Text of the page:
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TITLE
Fred MacAulay - Leaving North Uist
EXTERNAL ID
GB232_MFR_FREDMACAULAY_06
DISTRICT
North Uist
OLD COUNTY/PARISH
INVERNESS: North Uist
PERIOD
1980s
CREATOR
Fred MacAulay
SOURCE
Moray Firth Radio
ASSET ID
1624
KEYWORDS
Outer Hebrides
crofters
crofts
crofting
broadcasting
ceilidhs
audio

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Fred MacAulay was born in Sollas, North Uist, in 1925. Educated at Inverness Academy and Edinburgh University, he went on to become Senior Gaelic Producer of BBC Scotland in 1964, and Manager of BBC Highland in 1979. An active campaigner for the continuation of the Gaelic language, he was one of the most distinguished Gaels of his generation and made a lasting contribution to Gaelic culture. He died in Inverness in 2003, aged 78. In this audio extract, originally recorded for 'Moray Firth People' in 1983, Fred talks to Sam Marshall about leaving his home in North Uist.

Interviewer: When the time came for you to leave Uist, how did you feel about that?

Difficult to tell, actually. In retrospect, I feel badly about because I realise just how much I lost which was valuable to me in that community. You see, at that time it was still a highly traditional community, you see, where oral tradition still flourished; where you got literature practically at, at every meeting in the evening. You know, if there was a ceilidh house or that sort of thing, well you could be sure that there'd be stories, songs, poems, and the early Ossianic literature even; it was still, still there when I was a boy. And I've always felt deprived in that sense, that having left home at twelve, mind you, just to the other side of the island for the first three years because Uist at that time was a three-year secondary, and you then had to go to Inverness or Portree, but - so I really left at twelve, you could say, from home, and then came to Inverness, so -

Interviewer: Did you realise at the time - ?

That I was missing? No I didn't. I must be honest about that. It took me quite a few years more; I was in my twenties before I began to realise it and I realised it very simply because by then I was beginning to work in Gaelic, having come back from the war, and found myself time and again asking one of my older brothers, you see, 'Have you ever heard this word, or ever heard this fact, or something?' to which the answer invariably was, 'Yes. Haven't you?' and I hadn't. And there was this yawning gap in my, if you like, my oral background which I think is still there, sadly

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Fred MacAulay - Leaving North Uist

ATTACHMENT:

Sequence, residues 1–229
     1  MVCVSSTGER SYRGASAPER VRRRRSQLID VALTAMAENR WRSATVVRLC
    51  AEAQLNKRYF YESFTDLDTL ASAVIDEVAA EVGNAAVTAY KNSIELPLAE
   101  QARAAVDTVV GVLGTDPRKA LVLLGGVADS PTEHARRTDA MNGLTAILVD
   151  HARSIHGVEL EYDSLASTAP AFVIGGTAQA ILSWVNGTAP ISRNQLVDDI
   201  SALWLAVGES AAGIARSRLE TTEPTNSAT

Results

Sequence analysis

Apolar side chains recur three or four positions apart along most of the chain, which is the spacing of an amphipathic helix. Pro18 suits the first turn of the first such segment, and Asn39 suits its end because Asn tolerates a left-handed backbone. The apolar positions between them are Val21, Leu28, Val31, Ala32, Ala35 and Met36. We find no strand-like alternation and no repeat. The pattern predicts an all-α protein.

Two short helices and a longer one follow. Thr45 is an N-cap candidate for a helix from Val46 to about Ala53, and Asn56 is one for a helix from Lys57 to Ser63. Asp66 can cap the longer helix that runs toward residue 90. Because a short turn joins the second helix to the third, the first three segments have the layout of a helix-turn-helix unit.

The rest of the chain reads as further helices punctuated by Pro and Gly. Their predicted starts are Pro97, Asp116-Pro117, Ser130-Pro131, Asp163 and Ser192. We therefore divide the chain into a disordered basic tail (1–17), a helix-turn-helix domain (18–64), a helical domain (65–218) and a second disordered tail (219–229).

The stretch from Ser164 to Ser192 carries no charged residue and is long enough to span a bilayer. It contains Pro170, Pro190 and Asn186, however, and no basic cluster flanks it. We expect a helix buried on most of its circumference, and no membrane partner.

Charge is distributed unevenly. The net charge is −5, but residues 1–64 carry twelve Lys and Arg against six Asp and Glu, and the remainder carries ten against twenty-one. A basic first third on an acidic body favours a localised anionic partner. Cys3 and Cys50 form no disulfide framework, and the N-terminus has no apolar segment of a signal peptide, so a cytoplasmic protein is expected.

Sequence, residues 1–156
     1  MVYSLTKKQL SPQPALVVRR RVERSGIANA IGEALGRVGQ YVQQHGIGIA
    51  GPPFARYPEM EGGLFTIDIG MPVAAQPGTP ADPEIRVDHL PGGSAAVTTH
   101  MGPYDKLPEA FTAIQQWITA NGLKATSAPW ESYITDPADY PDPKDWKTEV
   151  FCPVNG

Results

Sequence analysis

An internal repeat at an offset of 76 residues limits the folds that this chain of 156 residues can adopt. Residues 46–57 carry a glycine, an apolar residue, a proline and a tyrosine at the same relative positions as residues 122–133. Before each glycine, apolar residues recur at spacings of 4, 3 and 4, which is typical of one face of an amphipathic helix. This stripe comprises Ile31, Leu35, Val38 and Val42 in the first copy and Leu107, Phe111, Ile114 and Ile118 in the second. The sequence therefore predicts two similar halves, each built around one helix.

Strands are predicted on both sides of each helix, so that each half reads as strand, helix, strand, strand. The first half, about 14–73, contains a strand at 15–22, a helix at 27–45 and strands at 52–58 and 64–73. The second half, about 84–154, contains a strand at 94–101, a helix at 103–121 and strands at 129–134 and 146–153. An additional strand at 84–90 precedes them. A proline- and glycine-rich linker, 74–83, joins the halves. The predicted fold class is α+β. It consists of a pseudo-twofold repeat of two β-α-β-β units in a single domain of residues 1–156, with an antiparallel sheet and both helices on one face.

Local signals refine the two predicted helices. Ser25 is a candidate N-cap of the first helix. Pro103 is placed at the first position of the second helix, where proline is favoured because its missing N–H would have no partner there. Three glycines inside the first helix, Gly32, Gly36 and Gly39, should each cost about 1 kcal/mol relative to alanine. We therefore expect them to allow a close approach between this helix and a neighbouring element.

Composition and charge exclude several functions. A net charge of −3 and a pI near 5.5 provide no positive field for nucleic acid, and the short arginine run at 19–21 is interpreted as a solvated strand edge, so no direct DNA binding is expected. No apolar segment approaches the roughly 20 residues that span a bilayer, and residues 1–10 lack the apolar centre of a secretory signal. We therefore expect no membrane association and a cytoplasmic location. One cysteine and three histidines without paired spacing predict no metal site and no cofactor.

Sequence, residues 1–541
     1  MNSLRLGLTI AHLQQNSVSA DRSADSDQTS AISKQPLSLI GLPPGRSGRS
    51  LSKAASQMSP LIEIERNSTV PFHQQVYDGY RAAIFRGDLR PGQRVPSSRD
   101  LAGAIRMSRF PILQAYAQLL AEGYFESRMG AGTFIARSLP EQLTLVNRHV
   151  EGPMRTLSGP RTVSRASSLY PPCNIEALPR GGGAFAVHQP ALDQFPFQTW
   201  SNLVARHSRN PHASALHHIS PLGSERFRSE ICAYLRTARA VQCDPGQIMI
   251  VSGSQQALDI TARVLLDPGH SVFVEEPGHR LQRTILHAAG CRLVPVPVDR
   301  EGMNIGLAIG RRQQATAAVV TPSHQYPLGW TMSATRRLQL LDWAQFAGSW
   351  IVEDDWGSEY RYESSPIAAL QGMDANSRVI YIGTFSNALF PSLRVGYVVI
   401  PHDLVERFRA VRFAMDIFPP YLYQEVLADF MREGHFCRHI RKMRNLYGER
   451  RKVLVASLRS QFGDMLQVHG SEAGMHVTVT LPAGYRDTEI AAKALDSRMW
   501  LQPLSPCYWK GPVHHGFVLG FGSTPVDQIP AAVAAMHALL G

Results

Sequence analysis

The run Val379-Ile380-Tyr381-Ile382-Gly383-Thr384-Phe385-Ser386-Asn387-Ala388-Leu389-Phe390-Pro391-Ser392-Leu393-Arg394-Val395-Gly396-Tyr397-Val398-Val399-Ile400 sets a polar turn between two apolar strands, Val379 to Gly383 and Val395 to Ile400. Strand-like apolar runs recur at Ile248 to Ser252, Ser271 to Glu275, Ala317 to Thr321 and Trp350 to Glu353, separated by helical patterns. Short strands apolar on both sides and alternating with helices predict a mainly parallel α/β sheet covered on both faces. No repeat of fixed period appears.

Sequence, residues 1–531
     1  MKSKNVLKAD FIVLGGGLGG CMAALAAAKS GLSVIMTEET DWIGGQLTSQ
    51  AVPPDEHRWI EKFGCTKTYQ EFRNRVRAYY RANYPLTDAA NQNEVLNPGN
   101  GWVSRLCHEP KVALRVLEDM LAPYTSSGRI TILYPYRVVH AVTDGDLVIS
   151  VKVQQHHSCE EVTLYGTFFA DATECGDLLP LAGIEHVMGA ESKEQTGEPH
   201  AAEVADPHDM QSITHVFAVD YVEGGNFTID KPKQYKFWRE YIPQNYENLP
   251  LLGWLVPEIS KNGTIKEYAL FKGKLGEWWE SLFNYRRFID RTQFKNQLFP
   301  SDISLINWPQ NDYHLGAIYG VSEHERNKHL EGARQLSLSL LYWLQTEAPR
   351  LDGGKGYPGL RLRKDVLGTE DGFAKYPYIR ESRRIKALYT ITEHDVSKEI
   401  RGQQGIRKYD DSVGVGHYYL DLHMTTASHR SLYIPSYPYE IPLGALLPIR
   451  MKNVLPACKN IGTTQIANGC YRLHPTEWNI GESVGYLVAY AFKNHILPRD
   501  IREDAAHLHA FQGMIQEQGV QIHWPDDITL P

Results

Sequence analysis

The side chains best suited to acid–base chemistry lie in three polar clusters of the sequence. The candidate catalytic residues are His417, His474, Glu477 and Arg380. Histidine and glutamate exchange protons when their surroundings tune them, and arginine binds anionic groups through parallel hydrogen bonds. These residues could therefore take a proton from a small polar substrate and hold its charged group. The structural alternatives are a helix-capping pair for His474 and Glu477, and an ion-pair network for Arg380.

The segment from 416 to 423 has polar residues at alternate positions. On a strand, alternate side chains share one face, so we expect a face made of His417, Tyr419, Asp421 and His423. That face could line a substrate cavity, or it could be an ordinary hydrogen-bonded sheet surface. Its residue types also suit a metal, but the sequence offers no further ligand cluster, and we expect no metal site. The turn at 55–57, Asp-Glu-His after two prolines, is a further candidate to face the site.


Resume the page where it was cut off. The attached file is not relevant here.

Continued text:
INVERNESS: North Uist

1980s

Outer Hebrides; crofters; crofts; crofting; broadcasting; ceilidhs; audio

Moray Firth Radio

MFR: Fred MacAulay

Fred MacAulay was born in Sollas, North Uist, in 1925. Educated at Inverness Academy and Edinburgh University, he went on to become Senior Gaelic Producer of BBC Scotland in 1964, and Manager of BBC Highland in 1979. An active campaigner for the continuation of the Gaelic language, he was one of the most distinguished Gaels of his generation and made a lasting contribution to Gaelic culture. He died in Inverness in 2003, aged 78. In this audio extract, originally recorded for 'Moray Firth People' in 1983, Fred talks to Sam Marshall about leaving his home in North Uist.<br /> <br /> Interviewer: When the time came for you to leave Uist, how did you feel about that?<br /> <br /> Difficult to tell, actually. In retrospect, I feel badly about because I realise just how much I lost which was valuable to me in that community. You see, at that time it was still a highly traditional community, you see, where oral tradition still flourished; where you got literature practically at, at every meeting in the evening. You know, if there was a ceilidh house or that sort of thing, well you could be sure that there'd be stories, songs, poems, and the early Ossianic literature even; it was still, still there when I was a boy. And I've always felt deprived in that sense, that having left home at twelve, mind you, just to the other side of the island for the first three years because Uist at that time was a three-year secondary, and you then had to go to Inverness or Portree, but - so I really left at twelve, you could say, from home, and then came to Inverness, so -<br /> <br /> Interviewer: Did you realise at the time - ?<br /> <br /> That I was missing? No I didn't. I must be honest about that. It took me quite a few years more; I was in my twenties before I began to realise it and I realised it very simply because by then I was beginning to work in Gaelic, having come back from the war, and found myself time and again asking one of my older brothers, you see, 'Have you ever heard this word, or ever heard this fact, or something?' to which the answer invariably was, 'Yes. Haven't you?' and I hadn't. And there was this yawning gap in my, if you like, my oral background which I think is still there, sadly